Following the 3rd meeting of our nascent reflective practice group…included in this post are:
1. The characteristics of a master teacher,
2. Dates & topics for upcoming RPG Gatherings,
3. A summary of our most recent session, and
4. Our reflections about the group: What do we want our Reflective Practice Group to be?
Characteristics of a Master Teacher
In his book, The Teacher Makes the Difference, M. Pressley[i] says
“…master teachers are just a bit unsatisfied with their own knowledge or skill level, in spite of their tremendous success with student learning. They constantly seek out new ideas from colleagues and professional development opportunities” and they see “instruction as equal parts art and science.”
So, congratulations to those of you who are seeking out new ideas with a Reflective Practice Group!
Upcoming RPG Gatherings
Save these Sunday evenings (note that they are all the 2nd Sunday of the month).
Oct 11 Where do we learn to be effective teachers? Usually, the answer is “in the classroom,” or “on the job.” But what does that mean? Teaching typically involves 3 stages: planning, execution, and reflecting afterwards. When and where in the process do we learn?
There are many models for teacher reflection. We’ll experiment with the approach developed by Daniel Schön.[ii] Schön challenged teachers to reconsider the role of technical knowledge versus “artistry” in developing professional excellence.
For this session, “bring” one thing that happened in a recent lesson that was different from what you expected. It could be positive, negative, or just different. You don’t need to analyze it; we’ll do that together.
Nov 8 Lesson Planning Time; How do we keep it reasonable? One of the most difficult challenges for new teachers is the incredible amount of time we spend planning lessons. What’s reasonable? How do we streamline the process and use the time we spend more efficiently? It can’t be a simple as developing a repertoire of lessons, because every class and every student is different. Bring your questions and ideas.
Dec 13 Holiday Party + SMILE: Setting sustainable goals for ourselves. We have high expectations for ourselves and for our students. At times we want to do more AND simultaneously, we feel overwhelmed. The SMILE approach was developed by Josette Leblanc, a reflective teacher trainer who focuses on self-compassion for teachers.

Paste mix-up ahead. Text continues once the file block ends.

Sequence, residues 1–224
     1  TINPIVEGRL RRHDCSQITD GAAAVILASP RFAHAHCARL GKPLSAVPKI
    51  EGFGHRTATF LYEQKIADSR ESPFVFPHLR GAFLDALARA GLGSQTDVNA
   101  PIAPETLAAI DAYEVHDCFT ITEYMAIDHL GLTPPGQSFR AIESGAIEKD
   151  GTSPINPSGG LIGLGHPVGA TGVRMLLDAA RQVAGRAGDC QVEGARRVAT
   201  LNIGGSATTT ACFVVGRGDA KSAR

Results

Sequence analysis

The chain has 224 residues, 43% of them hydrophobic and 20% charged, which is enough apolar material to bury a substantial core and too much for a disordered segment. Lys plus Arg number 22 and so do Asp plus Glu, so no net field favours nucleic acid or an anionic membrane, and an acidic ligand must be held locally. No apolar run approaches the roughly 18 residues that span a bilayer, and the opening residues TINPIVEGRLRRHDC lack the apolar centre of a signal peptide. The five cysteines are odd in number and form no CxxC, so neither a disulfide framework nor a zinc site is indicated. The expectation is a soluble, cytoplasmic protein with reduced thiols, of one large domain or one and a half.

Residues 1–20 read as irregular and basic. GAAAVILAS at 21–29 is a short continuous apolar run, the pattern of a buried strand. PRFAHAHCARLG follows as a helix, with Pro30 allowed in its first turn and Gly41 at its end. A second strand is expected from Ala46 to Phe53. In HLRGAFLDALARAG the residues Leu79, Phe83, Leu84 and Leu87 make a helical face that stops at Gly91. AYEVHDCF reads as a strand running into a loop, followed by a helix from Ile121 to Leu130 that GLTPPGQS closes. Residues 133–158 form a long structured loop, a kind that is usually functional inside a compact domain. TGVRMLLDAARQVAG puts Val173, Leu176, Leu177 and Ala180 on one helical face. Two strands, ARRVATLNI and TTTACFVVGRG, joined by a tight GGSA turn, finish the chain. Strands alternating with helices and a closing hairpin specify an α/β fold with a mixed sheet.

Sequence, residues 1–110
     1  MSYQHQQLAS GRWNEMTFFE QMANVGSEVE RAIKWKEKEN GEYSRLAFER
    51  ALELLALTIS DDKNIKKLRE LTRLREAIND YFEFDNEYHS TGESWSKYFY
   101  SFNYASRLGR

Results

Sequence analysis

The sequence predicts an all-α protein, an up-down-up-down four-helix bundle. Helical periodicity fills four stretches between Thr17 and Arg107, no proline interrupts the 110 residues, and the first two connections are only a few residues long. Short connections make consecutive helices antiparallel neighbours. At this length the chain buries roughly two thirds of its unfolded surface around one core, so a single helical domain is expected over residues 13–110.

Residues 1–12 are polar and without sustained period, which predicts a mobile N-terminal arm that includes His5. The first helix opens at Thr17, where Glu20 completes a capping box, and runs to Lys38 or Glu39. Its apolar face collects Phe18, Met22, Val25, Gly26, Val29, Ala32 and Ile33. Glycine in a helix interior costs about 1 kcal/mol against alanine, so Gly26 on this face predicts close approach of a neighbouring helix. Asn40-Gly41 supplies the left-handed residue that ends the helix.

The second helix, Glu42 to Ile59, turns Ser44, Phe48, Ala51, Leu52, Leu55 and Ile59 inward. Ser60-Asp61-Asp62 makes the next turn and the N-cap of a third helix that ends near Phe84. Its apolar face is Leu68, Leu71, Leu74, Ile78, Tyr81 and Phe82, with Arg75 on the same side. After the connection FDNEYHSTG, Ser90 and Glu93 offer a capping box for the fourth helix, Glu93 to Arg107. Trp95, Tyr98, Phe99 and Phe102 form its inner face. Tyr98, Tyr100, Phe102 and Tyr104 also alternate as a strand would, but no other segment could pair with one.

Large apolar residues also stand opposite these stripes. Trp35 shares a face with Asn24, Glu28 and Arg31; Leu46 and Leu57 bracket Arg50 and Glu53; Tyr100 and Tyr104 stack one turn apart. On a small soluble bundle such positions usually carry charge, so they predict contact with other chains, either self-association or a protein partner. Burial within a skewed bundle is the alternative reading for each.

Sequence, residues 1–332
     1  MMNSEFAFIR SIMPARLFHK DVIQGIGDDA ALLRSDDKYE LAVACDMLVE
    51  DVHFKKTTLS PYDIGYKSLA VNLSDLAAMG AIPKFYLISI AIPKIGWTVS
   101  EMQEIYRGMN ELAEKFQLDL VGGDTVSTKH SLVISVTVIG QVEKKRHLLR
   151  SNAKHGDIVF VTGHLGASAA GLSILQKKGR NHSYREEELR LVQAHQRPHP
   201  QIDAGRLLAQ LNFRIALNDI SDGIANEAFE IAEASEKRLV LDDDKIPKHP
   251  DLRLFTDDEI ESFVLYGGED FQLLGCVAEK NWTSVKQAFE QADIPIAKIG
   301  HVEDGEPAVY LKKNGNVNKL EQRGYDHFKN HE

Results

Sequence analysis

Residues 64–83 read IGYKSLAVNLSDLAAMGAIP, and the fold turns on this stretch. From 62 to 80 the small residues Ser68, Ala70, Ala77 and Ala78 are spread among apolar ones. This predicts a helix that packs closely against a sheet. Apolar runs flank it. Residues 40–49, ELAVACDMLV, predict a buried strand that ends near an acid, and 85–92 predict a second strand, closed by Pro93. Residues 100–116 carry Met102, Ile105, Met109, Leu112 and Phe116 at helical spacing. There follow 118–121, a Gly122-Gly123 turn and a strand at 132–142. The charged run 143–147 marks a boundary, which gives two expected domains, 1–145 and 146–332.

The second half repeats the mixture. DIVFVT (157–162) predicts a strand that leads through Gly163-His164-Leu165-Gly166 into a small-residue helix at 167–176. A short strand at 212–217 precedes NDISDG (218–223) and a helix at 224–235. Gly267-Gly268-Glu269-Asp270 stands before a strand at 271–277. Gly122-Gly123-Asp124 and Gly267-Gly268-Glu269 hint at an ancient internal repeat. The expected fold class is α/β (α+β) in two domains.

Where & When: We meet at 6:30 for social/snacks, and the workshop is 7-9pm. Address: 93 Larkspur, San Rafael, upstairs in the “86 Building,” which is across the parking lot from the Canal Alliance main office.
Bring a snack or beverage to share.
If you can, please carpool: http://www.groupcarpool.com/t/gfcn28
Everyone is Welcome!
Summary of our most recent gathering:
13 teachers met on September 6th, for a session focused on how we help students encounter and clarify new vocabulary. After social time with wonderful, healthy snacks and home-baked goodies, we enjoyed a fun and funny community-builder based on phrasal-verbs. Then, in groups of 3 and 4, we shared ideas about how we approach teaching new vocabulary in our classes. It was interesting to hear several people talking about their own experiences learning vocabulary in other languages. Putting ourselves in the students’ shoes can’t help but make us more aware of what really facilitates learning. In fact, the next thing we did was role-play students to experience five easy, low prep ways of helping students encounter and clarify vocabulary. After those experiences, we regrouped according to the levels we teach, and each group discussed how they might adapt the activities for use with different target language and concepts in their own classes. And we shared some vocabulary activities from Laurel Pollard’s Zero-Prep for Beginners.
What do we want our Reflective Practice Group to be?
The “regulars” are an interesting mixture of very, very experienced teachers and new teachers. As coordinator, I wasn’t sure whether we should be focusing on sharing practical teaching tips and techniques for the classroom, or spending our time collaboratively reflecting on our individual teaching practices. So, at the end of the workshop, everyone did an anonymous “free-write” about what they liked best about their favorite group experiences, what they bring to a group (in general), what they want to offer this group, and what they want to learn from this group.
What does every one value in a group? Humor! Humor was mentioned by nearly every teacher. (And we had lots of humor at our last meeting – sassy role-playing students debating whether tomatoes are fruits or vegetables, plus Tim’s socks!) Plus food. We value sharing good food! And this I found both moving and encouraging: virtually everyone felt that they have valuable insights and experiences to share – experienced and newer teachers alike!
Our colleagues who teach at community colleges have lots of opportunity for collaboration and professional development. But most of us in this group don’t work in a context that offers such opportunities. And everyone said that is something they want from the group.
So this is what we want our RPG to be: opportunities to reflect in community on our own teaching practice, to share our experiences and hard-earned wisdom, and to learn from one another. With food and humor!
[ii] Schön, D. (The Reflective Practitioner: How Professionals Think in Action (1984) and Educating the Reflective Practitioner (1987))